President Michael D Higgins has told the Council of Europe in Strasbourg that Irish citizens have made a huge sacrifice for the recovering economy.
Responding to a question from a Turkish assembly member, President Higgins cautioned that Ireland in economic terms is "not a driverless car, it has citizens on board and those citizens paid a very high price".
He said he did not think it was helpful to be using Ireland as some kind of exemplar for others.
The Government had to make a very difficult decision and while things are improving, there is still so much to do, he said.
Emigration is too high, unemployment is too high and inward investment needs to improve, he added.
Later, President Higgins said that there was not much value in using Ireland to describe the circumstances of other countries or peoples.
He said that while the Irish economy was doing quite well and all the indicators are positive, you really have to talk about the Irish people and the price that they have paid.
President Higgins said inevitably you have to address the social consequences.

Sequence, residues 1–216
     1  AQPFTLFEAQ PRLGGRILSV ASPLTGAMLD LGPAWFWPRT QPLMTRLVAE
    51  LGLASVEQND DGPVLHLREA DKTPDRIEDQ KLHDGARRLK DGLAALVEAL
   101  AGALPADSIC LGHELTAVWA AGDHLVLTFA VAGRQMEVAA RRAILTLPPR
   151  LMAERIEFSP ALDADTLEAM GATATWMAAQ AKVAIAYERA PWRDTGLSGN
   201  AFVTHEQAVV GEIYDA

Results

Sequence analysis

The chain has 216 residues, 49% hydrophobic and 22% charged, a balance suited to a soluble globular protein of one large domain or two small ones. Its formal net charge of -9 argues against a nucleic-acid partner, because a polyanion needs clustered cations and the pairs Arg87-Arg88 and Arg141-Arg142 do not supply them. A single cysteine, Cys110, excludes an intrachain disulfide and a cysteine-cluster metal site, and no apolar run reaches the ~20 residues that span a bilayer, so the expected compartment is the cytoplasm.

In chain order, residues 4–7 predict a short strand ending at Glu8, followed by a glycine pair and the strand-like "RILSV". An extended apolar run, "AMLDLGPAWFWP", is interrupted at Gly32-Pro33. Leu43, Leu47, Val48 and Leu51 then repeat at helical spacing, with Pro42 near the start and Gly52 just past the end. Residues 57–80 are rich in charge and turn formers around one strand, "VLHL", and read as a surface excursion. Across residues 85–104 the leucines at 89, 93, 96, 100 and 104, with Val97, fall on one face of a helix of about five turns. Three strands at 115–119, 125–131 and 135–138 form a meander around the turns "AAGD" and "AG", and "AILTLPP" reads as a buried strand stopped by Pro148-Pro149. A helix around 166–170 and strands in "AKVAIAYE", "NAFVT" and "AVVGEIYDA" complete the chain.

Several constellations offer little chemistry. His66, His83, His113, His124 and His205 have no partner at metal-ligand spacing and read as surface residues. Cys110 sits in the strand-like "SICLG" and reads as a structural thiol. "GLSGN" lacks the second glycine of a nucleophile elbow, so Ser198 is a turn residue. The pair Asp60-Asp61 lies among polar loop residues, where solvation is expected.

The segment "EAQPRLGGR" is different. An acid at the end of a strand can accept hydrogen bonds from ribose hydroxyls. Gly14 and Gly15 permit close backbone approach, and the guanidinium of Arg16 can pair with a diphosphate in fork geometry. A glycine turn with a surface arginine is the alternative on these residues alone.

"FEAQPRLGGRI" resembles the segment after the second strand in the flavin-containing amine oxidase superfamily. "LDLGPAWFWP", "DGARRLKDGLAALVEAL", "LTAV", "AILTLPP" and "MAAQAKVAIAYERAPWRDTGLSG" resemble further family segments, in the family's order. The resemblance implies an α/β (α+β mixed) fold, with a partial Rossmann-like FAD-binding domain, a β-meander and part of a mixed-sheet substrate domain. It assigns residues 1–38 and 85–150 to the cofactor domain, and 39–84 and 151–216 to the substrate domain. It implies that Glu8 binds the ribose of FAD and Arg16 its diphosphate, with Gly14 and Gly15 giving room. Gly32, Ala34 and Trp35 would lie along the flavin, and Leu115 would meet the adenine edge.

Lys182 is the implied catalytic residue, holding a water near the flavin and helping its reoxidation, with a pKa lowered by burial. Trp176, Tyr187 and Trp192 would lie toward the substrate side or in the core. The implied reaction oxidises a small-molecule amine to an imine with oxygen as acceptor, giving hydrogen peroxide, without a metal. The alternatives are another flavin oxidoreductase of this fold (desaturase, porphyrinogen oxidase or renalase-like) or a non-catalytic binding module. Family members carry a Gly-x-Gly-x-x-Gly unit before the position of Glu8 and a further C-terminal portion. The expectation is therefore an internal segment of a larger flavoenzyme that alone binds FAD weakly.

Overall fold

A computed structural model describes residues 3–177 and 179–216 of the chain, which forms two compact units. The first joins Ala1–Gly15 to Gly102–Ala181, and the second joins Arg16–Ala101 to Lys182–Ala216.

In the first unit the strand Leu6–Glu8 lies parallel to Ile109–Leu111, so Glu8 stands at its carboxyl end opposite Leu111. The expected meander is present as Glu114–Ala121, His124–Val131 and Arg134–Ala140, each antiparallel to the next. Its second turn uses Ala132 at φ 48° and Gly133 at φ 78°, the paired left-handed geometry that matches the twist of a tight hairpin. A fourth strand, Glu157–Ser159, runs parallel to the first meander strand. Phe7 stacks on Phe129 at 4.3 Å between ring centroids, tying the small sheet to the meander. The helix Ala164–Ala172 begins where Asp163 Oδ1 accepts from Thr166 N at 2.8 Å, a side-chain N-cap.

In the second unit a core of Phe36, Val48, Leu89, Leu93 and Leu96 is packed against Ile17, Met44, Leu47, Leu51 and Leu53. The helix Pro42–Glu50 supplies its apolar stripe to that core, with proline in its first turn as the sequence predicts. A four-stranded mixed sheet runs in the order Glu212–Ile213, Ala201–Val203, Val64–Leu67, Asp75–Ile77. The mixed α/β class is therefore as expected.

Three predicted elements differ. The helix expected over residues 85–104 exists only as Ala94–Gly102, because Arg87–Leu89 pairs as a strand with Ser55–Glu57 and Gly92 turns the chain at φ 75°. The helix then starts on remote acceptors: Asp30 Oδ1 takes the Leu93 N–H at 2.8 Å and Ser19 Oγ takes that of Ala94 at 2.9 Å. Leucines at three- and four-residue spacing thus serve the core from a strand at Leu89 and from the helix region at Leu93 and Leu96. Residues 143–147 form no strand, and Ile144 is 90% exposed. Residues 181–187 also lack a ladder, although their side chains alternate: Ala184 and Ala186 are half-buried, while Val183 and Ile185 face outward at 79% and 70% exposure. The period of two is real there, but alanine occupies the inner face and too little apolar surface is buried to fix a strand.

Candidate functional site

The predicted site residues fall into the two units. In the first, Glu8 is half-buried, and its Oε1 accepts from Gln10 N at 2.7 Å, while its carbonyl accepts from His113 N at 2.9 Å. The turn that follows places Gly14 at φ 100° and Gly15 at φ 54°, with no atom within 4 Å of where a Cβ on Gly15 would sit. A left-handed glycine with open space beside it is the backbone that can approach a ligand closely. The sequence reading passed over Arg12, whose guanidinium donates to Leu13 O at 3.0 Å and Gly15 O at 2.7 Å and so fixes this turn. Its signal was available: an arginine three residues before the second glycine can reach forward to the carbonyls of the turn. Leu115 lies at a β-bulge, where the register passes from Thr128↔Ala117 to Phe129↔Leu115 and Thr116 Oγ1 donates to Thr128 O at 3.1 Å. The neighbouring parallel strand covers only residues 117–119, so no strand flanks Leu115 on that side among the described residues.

In this sense, he said, he could not "see the utility in people using or rather abusing the Irish case as evidence for a model that may or may not be appropriate for other people".
He was also asked about the recent terrorist attacks in Paris and what his approach would be to the threat posed by increasing radicalism and fundamentalism.
The President said that increasing co-operation is key, but said you also have to look at what has been neglected, such as the conversations that should have taken place with those with fundamentalist faith systems.
This absence of dialogue, he said, had allowed a lacuna into which distortion and those who, like predators, spread fear, have moved.
He said that people have to be unequivocal about co-operation but also have to support those with different faith and political beliefs.
After his address to the Council of Europe, President Higgins and his wife Sabina paid a visit to the European Court of Human Rights before attending a reception for the Irish community living in Strasbourg.
They have since flown home.